1. - Our customers specify what qualities they want, and we buy what is needed from a supplier in Sweden. If we are not to trade with Burma, the wooden boat industry in Norway might as well just close shop. Besides, there is no boycott with regard to Burma, what I am doing is entirely legal, says Tor Edgar Oftebro.
2. - I have no idea where the teak is coming from, and I'm not interested, either. I have no plans to make requirements with regard to natural forests or countries of origins in my orders, Oftebro concludes.
1. - We haven't got a Government calling for a boycott anymore, says Roald Hustvedt of Erling Hustvedt AS.
- Yes, we do; they repeated that call for a boycott in response to a parliamentary question just before Christmas.
- Oh, did they? Why are they making such calls without doing anything active and formal? Don't ask me about this, what matters is that we are not breaking the law, and it is still legal.
2. - The Government is inconsistent. There is no use in making empty requests in this way. I know that some of our wild teak products have ended up in projects run by Statsbygg (state-owned construction company - Transl.). Then it's a little too facile to blame us.
1. - We can't relate to populist initiatives of the kind that the Bondevik cabinet made, and which the new Government is now following up on. I understand that there's a problem with that lady in house arrest down there, but frankly, it is not up to the individual company to take that kind of thing into account. We listen to what our customers want, and then we get it, Nils Johnsen says.
2. - No, we are not going to do anything to change our purchasing policy. Only if this becomes a formal boycott, if this is legislated, then of course we will abide by it. But in the meantime, we will continue as before. By the way, it is a good thing that you people in NorWatch highlight this from that kind of angle. It is the Government's fault that we get these problems. I hope your article will make the politicians see that we in the timber trade are not getting to grips with these issues on our own.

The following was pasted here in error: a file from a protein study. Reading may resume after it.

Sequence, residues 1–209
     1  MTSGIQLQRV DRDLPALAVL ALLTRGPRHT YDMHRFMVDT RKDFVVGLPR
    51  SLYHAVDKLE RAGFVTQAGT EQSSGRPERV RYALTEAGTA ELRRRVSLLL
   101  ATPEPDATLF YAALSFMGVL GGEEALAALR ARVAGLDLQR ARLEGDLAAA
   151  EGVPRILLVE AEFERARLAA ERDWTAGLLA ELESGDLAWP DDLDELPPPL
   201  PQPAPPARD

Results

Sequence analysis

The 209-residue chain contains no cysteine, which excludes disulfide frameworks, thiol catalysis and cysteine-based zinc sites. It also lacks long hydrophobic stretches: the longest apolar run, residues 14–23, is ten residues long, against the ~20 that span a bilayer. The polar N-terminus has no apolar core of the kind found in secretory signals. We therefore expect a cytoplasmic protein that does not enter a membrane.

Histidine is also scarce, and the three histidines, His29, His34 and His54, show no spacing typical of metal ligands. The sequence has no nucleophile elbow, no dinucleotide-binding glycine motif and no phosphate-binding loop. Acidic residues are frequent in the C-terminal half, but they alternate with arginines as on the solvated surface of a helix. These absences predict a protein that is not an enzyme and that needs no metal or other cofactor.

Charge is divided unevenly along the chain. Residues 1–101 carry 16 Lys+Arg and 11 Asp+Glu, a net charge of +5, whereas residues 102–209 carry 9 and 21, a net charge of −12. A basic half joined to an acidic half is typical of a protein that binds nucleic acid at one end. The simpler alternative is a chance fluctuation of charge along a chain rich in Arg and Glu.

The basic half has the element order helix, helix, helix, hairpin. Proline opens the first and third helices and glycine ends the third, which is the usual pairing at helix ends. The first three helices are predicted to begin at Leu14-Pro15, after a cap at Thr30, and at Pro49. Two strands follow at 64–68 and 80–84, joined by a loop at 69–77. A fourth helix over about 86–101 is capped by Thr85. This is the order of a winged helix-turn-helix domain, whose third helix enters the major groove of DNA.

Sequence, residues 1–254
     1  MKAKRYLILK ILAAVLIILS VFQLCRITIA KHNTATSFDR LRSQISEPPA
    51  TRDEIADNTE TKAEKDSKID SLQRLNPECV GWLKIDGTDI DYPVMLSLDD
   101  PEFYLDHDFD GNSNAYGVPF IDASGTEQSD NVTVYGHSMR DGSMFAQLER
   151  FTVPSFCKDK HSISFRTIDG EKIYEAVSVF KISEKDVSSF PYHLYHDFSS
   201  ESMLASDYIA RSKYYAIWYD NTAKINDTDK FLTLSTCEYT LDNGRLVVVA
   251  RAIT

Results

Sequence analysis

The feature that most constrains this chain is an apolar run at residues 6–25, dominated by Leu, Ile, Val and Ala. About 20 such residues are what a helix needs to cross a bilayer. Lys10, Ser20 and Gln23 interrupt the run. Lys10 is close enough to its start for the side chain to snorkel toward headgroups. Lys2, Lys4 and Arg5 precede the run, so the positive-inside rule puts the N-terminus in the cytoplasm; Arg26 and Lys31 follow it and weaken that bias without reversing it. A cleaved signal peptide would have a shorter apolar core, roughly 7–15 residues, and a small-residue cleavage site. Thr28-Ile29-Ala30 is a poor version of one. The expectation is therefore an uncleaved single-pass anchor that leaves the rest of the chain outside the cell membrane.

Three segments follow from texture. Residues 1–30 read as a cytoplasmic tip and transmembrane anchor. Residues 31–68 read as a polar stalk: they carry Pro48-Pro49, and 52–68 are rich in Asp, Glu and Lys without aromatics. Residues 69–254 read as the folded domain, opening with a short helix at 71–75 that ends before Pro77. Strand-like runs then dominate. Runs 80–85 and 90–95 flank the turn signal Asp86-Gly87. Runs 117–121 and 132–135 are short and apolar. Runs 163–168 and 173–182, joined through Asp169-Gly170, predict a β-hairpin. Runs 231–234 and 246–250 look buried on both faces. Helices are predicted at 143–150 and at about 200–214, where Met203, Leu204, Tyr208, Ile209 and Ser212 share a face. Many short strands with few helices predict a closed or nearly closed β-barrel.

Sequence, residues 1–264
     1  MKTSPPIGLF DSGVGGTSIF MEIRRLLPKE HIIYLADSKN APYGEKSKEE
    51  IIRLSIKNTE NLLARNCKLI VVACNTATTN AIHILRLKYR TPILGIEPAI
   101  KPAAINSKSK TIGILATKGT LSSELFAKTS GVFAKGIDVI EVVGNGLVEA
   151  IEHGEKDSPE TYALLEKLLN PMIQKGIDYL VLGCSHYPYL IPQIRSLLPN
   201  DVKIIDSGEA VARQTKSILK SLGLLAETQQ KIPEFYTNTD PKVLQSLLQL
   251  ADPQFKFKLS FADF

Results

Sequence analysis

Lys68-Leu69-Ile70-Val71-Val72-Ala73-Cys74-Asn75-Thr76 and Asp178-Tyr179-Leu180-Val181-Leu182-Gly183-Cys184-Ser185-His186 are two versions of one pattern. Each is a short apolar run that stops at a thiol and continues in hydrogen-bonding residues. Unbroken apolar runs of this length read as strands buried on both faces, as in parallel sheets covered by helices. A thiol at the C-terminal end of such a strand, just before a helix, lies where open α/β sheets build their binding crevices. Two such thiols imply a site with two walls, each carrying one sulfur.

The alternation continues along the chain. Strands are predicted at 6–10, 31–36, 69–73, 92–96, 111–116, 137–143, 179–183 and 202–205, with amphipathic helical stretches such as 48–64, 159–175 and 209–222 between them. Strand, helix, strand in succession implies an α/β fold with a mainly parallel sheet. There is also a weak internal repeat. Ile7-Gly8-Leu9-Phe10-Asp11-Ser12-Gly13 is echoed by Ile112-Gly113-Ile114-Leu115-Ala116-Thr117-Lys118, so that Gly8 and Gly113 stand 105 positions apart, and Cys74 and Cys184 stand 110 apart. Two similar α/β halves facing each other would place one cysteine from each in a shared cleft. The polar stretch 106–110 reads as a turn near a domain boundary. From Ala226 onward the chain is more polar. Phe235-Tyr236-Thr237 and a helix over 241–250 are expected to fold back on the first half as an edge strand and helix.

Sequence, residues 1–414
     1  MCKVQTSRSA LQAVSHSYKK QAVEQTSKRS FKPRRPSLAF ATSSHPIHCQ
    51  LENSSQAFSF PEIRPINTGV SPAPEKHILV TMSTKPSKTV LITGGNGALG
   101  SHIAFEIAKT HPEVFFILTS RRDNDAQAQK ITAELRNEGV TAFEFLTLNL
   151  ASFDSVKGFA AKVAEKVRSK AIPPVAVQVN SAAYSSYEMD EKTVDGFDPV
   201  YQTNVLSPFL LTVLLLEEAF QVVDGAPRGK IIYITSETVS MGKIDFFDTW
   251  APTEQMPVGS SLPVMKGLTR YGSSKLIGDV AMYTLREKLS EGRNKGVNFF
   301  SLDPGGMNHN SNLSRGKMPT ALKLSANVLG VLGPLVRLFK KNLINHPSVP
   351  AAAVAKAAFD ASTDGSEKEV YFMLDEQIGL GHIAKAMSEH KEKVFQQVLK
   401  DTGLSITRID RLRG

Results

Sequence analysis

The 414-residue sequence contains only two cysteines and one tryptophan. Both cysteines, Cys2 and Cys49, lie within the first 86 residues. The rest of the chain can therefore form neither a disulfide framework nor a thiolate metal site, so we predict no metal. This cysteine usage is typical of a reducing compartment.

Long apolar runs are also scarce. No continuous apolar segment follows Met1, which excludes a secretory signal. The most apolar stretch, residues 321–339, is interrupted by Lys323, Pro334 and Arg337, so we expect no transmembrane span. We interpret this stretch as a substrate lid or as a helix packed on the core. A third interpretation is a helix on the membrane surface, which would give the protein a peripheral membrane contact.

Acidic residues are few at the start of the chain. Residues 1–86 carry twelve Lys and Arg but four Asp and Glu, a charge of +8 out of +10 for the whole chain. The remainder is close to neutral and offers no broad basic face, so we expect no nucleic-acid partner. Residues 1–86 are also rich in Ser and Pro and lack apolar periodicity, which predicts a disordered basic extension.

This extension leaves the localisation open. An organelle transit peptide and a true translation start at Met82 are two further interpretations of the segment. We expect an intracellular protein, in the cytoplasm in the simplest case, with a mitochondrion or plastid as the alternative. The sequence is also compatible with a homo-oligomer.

1. - We are not importing directly from Burma, and we do not check the origin of the goods we buy. I don't feel that this is anything to do with us, says Morten Vister of Scan Limited.
2. - We will not change anything in our policy in the time to come. If the Government wants to make a ban, it's probably well thought-through, and we will abide by it.
"I hope your article will make the politicians see that we in the timber trade are not getting to grips with these issues on our own."
- Nils Johnsen, Interwood, 6.2.2001
"The Government is inconsistent. There's no use in making empty requests in this way. I know that some of our wild teak products have ended up in projects run by Statsbygg. Then it's a little too facile to blame us."
- Roald Hustvedt, Erling Hustvedt AS, 2.2.2001
"We are not importing directly from Burma, and we do not check the origin of the goods we buy. I don't feel that this is anything to do with us."
- Morten Vister, Scan Limited, 6.2.2001
"I have no idea where the teak is coming from, and I'm not interested, either. I have no plans to make requirements with regard to natural forests or countries of origins in my orders."
- Tor Edgar Oftebro, Mandal Treinnredning, 2.2.2001
"I do know that these activities damage the environment, but apart from that, I have no opinion on how things are in Burma."
- Bjørn Simonsen, Høllen Treindustri, 6.2.2001
"We care nothing whatsoever for calls from the Government for voluntary sacrifices by industry, and we will not do anything at all to change our purchasing policy. Quality is our sole concern."
- Ivar Hesselberg, Wikstens Båtbyggeri, 6.2.2001
Norwatch Newsletter 3/01